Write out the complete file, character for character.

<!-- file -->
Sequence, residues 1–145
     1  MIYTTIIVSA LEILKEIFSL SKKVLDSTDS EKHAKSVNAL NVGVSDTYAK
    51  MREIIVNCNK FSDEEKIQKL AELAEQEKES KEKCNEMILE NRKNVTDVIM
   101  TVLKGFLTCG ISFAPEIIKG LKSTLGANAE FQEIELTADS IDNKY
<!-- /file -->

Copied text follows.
Sequence, residues 1–145
     1  MIYTTIIVSA LEILKEIFSL SKKVLDSTDS EKHAKSVNAL NVGVSDTYAK
    51  MREIIVNCNK FSDEEKIQKL AELAEQEKES KEKCNEMILE NRKNVTDVIM
   101  TVLKGFLTCG ISFAPEIIKG LKSTLGANAE FQEIELTADS IDNKY